03/14/2012 12:24 pm ET Updated May 14, 2012

What Are You People, on Dope?

Last week my favorite "death-watch" personality, Pat Robertson, declared the war on drugs unwinnable and said marijuana should be legalized. What we can hope for is that his audience of religious zealots and other conservatives will reexamine their stance on drugs. The GOP plot to institute drug testing for citizens on public assistance reminds me of Mr. Hand from Fast Times at Ridgemont High when he repeatedly asks his students, "What are you people, on dope?"

This is the same assumption that GOP lawmakers are making about America's poor. It's a law that is treading a slippery slope, not to mention a direct affront to the constitutional rights of American citizens. What is the reason for such legislation? There are two factors involved here.

The first is the typical high horse of morality on which the GOP is permanently mounted, chasing windmills throughout the political and social landscape. The second is another favorite of the GOP, the so-called "look over here at this problem and don't look at the real problems that are crushing this nation" tactic. It's a two-fold explanation that they are using: a moral crusade cloaked in a sham economic crisis.

The state of Michigan actually instituted this hideous legislation in 1999 but it was vigorously opposed by the ACLU. In April 2000, U.S. District Court Judge Victoria Roberts issued a preliminary injunction against enforcement of the law. She wrote that drug testing an entire class of citizens simply because they are poor "would be dangerously at odds with the tenets of our democracy." In April 2003, the appeals court affirmed that decision. Basically what Judge Roberts was saying to the GOP drug squad is that you're screwing with the Fourth Amendment and that is not cool.

However, this policy was in effect for five weeks and we were able to pull an interesting statistic from that period. Of 268 people tested, only 21 tested positive for drugs and all but three were for marijuana, and that is 8 percent. The positive tests for marijuana are plain ridiculous and that's a whole other piece I need to write, if those were thrown out we are looking at 1 percent.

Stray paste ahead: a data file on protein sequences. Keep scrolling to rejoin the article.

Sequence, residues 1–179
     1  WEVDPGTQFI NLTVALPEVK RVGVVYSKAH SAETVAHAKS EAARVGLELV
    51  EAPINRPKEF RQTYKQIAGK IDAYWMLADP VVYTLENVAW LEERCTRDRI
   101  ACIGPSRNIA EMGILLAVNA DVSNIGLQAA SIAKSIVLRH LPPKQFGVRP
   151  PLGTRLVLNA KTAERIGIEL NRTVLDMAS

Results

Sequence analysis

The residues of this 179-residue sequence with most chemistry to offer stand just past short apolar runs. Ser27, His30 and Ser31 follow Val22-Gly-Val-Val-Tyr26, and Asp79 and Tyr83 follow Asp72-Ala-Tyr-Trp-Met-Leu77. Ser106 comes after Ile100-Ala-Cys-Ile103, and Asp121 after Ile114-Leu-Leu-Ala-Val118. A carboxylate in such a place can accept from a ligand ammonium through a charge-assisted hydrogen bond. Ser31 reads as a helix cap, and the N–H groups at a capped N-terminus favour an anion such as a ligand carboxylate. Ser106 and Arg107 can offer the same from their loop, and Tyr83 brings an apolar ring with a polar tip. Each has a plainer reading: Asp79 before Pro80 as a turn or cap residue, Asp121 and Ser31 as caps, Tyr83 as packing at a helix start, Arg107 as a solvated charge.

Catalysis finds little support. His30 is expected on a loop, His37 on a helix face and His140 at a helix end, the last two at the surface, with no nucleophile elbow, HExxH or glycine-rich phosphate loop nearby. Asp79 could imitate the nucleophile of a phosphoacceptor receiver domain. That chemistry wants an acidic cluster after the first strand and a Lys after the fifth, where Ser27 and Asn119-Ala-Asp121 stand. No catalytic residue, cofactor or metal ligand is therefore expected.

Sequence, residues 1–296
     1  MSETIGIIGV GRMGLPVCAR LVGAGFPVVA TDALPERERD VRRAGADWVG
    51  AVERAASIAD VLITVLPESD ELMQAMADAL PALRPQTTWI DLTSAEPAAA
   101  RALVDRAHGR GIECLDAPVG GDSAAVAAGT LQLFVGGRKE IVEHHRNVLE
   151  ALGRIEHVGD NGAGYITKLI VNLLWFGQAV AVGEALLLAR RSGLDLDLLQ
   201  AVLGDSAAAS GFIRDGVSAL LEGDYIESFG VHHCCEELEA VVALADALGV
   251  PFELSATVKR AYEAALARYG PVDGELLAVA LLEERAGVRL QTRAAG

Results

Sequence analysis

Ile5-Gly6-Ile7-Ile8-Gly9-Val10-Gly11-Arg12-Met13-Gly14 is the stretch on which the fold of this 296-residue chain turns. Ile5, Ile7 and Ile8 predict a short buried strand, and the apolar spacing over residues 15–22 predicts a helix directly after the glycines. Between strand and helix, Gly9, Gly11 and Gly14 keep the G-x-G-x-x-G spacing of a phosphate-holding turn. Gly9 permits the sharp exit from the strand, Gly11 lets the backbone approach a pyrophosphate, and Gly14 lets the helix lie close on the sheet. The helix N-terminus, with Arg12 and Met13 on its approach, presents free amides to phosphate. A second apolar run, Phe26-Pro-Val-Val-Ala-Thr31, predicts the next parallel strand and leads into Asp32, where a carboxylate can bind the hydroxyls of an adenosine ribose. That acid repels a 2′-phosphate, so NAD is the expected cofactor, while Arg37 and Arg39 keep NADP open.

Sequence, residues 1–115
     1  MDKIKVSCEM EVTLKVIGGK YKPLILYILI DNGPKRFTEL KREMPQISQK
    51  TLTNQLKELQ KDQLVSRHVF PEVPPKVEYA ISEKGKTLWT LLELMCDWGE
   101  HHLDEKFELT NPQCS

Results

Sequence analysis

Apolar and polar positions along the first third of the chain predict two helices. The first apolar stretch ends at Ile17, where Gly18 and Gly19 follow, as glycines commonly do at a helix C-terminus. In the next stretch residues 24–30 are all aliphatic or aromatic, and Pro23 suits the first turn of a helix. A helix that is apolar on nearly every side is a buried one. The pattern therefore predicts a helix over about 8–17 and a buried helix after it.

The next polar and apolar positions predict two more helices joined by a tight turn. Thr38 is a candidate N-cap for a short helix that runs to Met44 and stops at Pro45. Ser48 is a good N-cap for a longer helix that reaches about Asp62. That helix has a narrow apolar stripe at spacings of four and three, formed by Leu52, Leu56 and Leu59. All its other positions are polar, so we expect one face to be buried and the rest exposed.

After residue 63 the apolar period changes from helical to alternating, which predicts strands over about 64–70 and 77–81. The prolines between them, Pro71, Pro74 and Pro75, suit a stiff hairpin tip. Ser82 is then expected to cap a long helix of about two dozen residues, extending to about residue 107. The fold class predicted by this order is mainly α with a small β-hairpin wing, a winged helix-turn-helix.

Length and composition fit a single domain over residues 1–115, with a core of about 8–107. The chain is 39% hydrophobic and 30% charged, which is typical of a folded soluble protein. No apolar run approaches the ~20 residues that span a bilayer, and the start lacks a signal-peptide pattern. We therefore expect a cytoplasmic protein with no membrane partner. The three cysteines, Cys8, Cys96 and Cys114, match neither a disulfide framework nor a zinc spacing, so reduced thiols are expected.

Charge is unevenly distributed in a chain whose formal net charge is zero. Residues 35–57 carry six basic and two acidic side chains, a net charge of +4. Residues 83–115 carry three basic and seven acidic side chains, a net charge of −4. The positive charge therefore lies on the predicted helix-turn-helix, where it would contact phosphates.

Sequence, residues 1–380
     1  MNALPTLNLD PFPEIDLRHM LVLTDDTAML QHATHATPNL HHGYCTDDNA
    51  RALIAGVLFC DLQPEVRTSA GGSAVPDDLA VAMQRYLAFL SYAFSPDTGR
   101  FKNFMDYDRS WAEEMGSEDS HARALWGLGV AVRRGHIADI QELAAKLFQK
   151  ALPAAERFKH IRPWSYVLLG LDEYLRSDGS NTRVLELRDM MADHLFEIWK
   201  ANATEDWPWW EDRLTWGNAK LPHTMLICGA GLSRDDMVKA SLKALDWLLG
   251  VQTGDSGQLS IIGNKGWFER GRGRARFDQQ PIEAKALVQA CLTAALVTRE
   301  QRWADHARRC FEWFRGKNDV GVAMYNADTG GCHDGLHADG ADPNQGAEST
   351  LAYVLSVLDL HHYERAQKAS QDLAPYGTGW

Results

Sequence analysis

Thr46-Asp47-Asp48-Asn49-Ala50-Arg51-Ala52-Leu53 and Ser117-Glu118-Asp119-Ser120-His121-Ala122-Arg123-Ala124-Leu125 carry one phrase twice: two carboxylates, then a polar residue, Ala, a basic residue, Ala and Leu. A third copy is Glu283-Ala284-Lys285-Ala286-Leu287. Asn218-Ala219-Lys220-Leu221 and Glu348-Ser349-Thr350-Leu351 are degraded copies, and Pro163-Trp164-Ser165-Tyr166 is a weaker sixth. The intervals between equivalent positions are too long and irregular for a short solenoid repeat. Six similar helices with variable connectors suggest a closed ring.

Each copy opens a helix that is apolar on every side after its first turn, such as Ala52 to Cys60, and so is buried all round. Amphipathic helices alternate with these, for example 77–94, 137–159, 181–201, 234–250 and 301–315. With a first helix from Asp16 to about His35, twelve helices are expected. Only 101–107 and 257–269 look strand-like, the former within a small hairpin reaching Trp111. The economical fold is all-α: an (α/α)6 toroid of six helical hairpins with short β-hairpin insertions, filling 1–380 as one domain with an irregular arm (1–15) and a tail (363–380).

The 2010 National Survey on Drug Use and Health found that more than 22 million Americans age 12 and older -- nearly 9 percent of the U.S. population -- use illegal drugs. So what we see here is that poor people are just like Americans of all economic strata when it comes to drugs. Now on to the economic scare that the GOP uses as their casus belli for the war against the poor.

What we are left with is my favorite pathetic conservative tactic, keeping the public's attention on what is a non-issue as opposed what is really causing turmoil in this country. The 2008 meltdown is the greatest economic crisis since the Great Depression and, when all is said and done, may surpass the damage done by the latter. So around the nation we have GOP politicians trying to con the masses into believing that the poor are sucking the system dry, all the while toking, snorting and shooting their days away on the tax payers' dollars.

It's complete insanity, but the populace buys in to this complete pile of horseshit. We have seen ultra-wealthy financial "captains" rob the middle and lower classes with their Ponzi schemes all the while protected by these same politicians and their colleagues. After all, there are five financial industry lobbyists to every congressman in Washington. Who is lobbying for the welfare recipients who just struggle to live from day to day? So the GOP has found a perfect scapegoat, defenseless and with no cash-infused, congressional voice. Blame the poor, they're all on drugs anyways!